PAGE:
Nikos Stangos Memorial Lecture

This lecture has been established in memory of Nikos Stangos who was one of the directors and senior commissioning editors for Thames and Hudson publishers.  He was probably the most important art editor of the late 20th century and was responsible for facilitating some of the most ground breaking art books of our generation.  Nikos was a published poet and started his career in London as a poetry editor for Penguin.  He was a philosophy graduate from Harvard and collector and commentator on contemporary art.  He died in 2003. 

The Department of History of Art gratefully acknowledges the ongoing support of Thames & Hudson for this lecture series.

Autumn 2013

Thursday 14th November, 6pm

Venue: Cruciform Building B304 - LT1

To be followed by a reception in the Wilkins Building South Cloisters

Registration essential - please register here

Joan Fontcuberta, Googlegram: Niépce

Joan Fontcuberta, Googlegram: Niépce

Professor Kaja Silverman

"Unstoppable Development"

Relating to Professor Silverman's current book project on photography, rethinking the medium from the ground up.
View the poster for this lecture

PREVIOUS SPEAKERS INCLUDE:

  • 2012 Professor Susan Buck-Morss (Cornell University): "Seeing Global" View the poster for this lecture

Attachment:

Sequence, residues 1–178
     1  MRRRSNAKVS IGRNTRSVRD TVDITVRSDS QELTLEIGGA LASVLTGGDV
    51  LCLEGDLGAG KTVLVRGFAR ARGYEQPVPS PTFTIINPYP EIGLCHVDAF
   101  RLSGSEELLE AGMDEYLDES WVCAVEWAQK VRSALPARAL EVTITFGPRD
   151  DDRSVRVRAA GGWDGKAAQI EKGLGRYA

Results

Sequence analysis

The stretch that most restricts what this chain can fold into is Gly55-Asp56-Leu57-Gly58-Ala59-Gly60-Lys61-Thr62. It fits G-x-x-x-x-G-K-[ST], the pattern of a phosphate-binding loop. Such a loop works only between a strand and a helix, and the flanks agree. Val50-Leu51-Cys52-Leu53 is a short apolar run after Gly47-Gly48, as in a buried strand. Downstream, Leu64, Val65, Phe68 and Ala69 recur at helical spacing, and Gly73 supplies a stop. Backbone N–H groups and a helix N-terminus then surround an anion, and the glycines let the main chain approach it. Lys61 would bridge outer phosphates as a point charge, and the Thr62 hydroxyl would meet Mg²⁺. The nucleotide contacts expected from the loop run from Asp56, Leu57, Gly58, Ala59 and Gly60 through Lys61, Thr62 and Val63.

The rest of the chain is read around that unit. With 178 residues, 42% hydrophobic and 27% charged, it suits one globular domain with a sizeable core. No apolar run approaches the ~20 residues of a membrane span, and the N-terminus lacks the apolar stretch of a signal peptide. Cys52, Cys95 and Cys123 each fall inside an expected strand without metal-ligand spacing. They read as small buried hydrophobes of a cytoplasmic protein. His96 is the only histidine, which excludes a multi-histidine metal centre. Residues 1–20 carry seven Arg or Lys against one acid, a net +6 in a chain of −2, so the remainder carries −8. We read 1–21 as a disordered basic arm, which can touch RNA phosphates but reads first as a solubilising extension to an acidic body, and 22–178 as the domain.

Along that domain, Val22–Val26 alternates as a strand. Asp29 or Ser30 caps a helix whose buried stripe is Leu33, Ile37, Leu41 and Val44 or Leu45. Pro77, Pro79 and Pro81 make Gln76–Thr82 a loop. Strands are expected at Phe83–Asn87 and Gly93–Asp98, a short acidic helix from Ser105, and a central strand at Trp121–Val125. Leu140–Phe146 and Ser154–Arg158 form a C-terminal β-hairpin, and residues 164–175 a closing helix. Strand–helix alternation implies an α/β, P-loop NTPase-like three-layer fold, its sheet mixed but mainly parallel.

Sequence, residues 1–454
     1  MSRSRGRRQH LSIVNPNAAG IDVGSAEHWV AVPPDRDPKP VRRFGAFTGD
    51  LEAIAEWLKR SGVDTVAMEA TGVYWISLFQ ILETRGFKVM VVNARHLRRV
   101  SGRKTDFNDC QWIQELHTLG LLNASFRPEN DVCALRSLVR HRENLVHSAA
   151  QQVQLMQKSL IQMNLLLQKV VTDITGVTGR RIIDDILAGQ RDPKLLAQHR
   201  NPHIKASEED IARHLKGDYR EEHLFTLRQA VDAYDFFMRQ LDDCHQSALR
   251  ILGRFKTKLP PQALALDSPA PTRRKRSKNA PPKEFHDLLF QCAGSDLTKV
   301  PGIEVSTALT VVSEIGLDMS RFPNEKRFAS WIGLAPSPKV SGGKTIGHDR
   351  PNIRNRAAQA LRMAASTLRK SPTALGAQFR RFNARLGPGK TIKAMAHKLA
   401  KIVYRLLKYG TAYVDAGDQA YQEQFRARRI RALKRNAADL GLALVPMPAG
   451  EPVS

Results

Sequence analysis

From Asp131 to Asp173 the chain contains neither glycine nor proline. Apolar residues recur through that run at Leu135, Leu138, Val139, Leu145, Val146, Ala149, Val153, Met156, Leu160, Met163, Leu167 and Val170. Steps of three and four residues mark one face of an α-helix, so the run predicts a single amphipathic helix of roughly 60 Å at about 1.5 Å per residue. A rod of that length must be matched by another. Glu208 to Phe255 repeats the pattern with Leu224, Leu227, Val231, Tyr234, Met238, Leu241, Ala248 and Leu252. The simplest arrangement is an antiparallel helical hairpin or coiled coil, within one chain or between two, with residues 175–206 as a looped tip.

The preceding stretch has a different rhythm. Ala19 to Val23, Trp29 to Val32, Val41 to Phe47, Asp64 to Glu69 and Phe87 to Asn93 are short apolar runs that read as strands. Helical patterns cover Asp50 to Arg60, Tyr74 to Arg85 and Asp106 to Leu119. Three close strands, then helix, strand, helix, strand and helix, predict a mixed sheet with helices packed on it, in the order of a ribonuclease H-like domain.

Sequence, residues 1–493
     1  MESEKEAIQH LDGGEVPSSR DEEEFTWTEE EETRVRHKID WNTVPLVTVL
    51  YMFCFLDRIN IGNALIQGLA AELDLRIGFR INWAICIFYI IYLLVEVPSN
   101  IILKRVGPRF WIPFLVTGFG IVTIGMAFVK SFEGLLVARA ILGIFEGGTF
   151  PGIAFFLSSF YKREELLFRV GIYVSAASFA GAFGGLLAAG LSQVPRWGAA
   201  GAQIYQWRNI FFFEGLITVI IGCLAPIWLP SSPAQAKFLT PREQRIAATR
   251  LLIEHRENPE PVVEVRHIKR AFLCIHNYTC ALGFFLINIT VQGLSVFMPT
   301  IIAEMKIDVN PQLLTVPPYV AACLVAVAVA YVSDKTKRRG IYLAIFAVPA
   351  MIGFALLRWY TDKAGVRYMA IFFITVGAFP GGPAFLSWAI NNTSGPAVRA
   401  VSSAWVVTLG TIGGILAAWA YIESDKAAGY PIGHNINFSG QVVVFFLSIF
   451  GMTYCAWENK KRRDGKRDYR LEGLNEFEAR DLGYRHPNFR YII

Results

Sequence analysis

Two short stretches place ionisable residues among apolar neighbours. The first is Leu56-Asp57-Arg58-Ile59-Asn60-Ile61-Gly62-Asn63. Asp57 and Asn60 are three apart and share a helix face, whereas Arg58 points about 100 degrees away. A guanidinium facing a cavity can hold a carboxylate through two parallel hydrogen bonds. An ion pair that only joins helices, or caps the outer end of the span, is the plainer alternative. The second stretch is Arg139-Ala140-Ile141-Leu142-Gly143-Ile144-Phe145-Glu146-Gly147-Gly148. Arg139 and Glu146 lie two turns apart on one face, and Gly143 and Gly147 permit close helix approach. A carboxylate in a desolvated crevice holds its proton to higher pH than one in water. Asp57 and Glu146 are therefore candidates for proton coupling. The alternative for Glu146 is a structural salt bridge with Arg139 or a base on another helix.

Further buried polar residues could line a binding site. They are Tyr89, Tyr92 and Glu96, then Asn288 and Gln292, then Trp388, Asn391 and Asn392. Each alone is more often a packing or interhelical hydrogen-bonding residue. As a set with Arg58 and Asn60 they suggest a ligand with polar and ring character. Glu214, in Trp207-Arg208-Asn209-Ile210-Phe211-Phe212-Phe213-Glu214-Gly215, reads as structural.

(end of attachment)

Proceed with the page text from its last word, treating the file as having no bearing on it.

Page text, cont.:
• 2011 Professor TJ Clark (Visiting Professor, University of York): "Do Landscapes have Identities?"
  • 2010 Professor Homi Bhabha (Harvard University):  "The Humanities and the Anxiety of Violence"
  • 2009 Professor Jacqueline Lichtenstein (Université Paris-Sorbonne Paris IV):  "The Philosopher and the Art Historian:  An Impossible Dialogue"
  • 2008   Professor Molly Nesbit (Vassar):  "Light in Buffalo; Michel Foucault Lectures on Manet at the Albright-Knox, April 8, 1970"
  • 2007   Okwui Enwezor (Curator): "Incarcerated Life: Contemporary Art and the Security State"
  • 2006   Professor Anne Wagner (University of California Berkeley): "Nauman's' Body of Sculpture"
  • 2005   William Kentridge (Artist):  "Reading Shadows:  The Pleasures of Self-Deception"